Opening Week: Random Baseball Musings

KP WeeSenior Writer IApril 10, 2009

BALTIMORE - APRIL 09:  A.J. Burnett #34 of the New York Yankees celebrates after striking out Aubrey Huff #17 with the bases loaded in the third inning against the Baltimore Orioles at Camden Yards on April 9, 2009 in Baltimore, Maryland.  (Photo by Greg Fiume/Getty Images)

The baseball season has started, and when every team begins 0-0, it seems all clubs feel they have a shot at a magical year, if they have a good start.

And it's funny how people react when they do get off to say, a perfect start.

Take the Texas Rangers, for example.

They're off to a 3-0 start, and it's the first time they've begun a season with three-straight wins since 1996.

Now, they are in the same division as the favored L.A. Angels, who are expected to win the AL West. (The tragic death of rookie pitcher Nick Adenhart isn't going to send the Angels off to a bad year.)

And with 159 games still to play, obviously it's way too early to know.

Yet, it doesn't stop Marlon Byrd from saying the following to the press after the Rangers' 12-8 win over the Cleveland Indians on Thursday: "This team has a different feel. We go out there and we're expecting to win now."


Looking at Texas' last two games, however, shows the Rangers are still having the same problem as always: they can't pitch. In those two games, they allowed 13 runs against the Indians (while scoring 20).

That's not going to carry them to the playoffs, especially if the pitching continues to be mediocre.

The Rangers were almost a .500 team last season (ending up with 79 wins), so is Byrd trying to say they're "expecting to win" more games now this year, and thus the division and go to the World Series?

"The team chemistry in here is second to none, and right now it's a special team to be part of," said pitcher Brandon McCarthy.

I wonder if McCarthy has been in the clubhouses of all the other big-league clubs to know that their team chemistry is the best. Hmm—and "special", huh? Remember, we're only three games in. You can only wonder what adjective he'll use when—inevitably—the Rangers don't outslug the opposition every day and go on a losing streak of some sort.

And McCarthy didn't exactly pitch that well on Thursday, going only five innings and giving up four walks and three runs. Oh, he gave up two home runs too. You wouldn't exactly call that a great start by any means. And I haven't even mentioned that he threw over a hundred pitches (105, to be exact) in only five frames.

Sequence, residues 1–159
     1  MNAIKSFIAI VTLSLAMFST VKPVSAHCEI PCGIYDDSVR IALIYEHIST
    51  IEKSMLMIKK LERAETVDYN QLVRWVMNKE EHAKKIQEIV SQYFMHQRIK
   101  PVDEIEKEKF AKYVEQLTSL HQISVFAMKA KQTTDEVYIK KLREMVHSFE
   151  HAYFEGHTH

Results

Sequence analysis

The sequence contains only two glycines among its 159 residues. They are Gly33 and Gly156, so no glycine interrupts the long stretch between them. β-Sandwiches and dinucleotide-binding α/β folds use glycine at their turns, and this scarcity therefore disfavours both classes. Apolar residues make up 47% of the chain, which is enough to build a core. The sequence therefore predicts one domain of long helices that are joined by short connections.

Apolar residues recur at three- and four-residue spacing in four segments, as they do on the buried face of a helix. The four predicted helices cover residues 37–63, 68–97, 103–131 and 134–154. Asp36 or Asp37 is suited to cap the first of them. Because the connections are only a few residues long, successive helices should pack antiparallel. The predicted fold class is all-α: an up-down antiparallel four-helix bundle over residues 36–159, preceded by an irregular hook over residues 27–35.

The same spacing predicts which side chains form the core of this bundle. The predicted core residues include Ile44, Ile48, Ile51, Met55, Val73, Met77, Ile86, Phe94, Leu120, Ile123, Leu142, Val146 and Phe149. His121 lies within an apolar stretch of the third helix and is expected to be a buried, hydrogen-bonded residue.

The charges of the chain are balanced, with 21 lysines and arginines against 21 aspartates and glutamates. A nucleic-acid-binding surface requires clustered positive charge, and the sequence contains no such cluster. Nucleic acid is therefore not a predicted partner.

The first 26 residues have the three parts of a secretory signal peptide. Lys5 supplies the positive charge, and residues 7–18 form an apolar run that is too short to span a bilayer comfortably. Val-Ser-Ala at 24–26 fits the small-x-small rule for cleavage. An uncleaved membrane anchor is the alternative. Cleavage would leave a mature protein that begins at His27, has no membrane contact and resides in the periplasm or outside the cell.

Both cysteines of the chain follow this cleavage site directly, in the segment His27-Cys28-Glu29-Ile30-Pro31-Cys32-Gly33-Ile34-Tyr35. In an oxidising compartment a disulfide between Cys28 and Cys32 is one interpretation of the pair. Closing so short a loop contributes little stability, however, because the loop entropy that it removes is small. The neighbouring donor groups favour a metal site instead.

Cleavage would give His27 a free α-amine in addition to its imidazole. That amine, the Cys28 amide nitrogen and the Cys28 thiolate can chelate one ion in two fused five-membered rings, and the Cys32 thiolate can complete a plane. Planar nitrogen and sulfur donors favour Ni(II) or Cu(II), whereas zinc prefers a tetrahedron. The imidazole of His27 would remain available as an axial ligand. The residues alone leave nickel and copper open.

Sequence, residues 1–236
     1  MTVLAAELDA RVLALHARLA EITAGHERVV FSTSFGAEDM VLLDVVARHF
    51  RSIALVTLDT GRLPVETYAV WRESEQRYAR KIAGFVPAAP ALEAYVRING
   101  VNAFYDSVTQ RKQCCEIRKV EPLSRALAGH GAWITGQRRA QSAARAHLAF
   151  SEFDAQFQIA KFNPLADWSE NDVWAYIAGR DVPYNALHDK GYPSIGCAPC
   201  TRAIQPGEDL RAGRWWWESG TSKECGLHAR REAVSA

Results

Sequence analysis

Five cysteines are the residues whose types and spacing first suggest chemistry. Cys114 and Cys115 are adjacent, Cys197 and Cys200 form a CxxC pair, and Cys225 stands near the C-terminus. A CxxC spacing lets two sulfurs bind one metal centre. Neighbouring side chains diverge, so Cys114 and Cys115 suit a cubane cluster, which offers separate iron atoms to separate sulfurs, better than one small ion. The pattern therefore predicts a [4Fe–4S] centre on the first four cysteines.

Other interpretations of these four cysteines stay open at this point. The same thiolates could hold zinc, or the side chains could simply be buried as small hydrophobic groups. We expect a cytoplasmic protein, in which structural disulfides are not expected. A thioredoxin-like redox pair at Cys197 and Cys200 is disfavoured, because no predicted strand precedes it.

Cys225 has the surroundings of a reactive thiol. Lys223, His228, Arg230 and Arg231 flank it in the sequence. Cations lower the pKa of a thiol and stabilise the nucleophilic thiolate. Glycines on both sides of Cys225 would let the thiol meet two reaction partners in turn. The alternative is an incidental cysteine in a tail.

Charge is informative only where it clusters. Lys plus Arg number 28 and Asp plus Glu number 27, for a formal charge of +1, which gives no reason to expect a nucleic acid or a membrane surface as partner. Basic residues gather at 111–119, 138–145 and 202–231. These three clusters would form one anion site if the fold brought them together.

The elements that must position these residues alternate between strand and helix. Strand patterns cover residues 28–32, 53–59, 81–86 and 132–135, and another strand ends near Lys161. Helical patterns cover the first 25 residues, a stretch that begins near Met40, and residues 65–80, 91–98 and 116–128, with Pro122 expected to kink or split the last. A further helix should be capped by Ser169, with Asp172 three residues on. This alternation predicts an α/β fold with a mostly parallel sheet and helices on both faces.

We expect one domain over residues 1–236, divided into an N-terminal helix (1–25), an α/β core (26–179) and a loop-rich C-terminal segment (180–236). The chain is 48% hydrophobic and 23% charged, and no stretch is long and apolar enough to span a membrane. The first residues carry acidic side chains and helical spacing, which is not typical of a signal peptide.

Oh, by the way, I wouldn't be that impressed with the Rangers' win on Thursday. A big part of that Texas victory was due to the fact Cleveland started Carl Pavano. Yeah, THAT Pavano, the one who stole all that money from the Yankees after having one big year with Florida.

Nine of Texas' 12 runs came off Pavano in the first two innings, before the Rangers bats cooled off the rest of the way.

Alas, the Rangers won't go 162-0 this season; they were blown out 15-2 in Detroit on early Friday afternoon.

Speaking of the Yankees, again, it's only the first few games of the season, and I'm sure a lot of Yankee haters were having fun with CC Sabathia and Mark Teixeira's lackluster performances against Baltimore in the season opener.

Even the papers in New York said it all: In the Daily News, "Money for Nothing" was displayed prominently as a headline, and Bill Madden sort of took shots at Sabathia by suggesting—albeit sarcastically—Darrell Rasner could have done better on the mound.

If pitching is supposed to win championships, then Sabathia and Chien-Ming Wang's outings didn't really inspire any confidence for New York fans. Then again, it's still early.

Fast forward to Thursday, when A.J. Burnett, making his first start for the pinstripers, came through with a decent start, and the bats woke up in an 11-2 romp over the Baltimore Orioles.

Burnett gave up two runs and pitched into the sixth inning, and fanned six.

And thus, the former Marlin and Blue Jay hurler is the hero, for now. The one knock against Burnett though, is that he never stays healthy. Will he be able to avoid the disabled list with the Yankees?

With the Yankees, Burnett is sure to get tons of run support, and should win a lot of ballgames should he be able to last the entire season.

Ultimately in New York, it's all about wins and losses, so if A.J. gets 15 wins and the Yankees make the postseason, he's going to be fine.

But if Burnett's mound opponent had been, say, Chris Carpenter (who pitched one-hit ball for St. Louis against the Pirates), then people and the New York papers would talk about A.J. being a bum too.

We'll see how A.J. does during a pennant race and pitching in places like Boston when the games are more meaningful. After all, this isn't Toronto or Florida anymore. We'll see.

But for now, A.J. is a hero, while CC is a bust—according to what you see in the papers.

Surely that will change later on as the season progresses...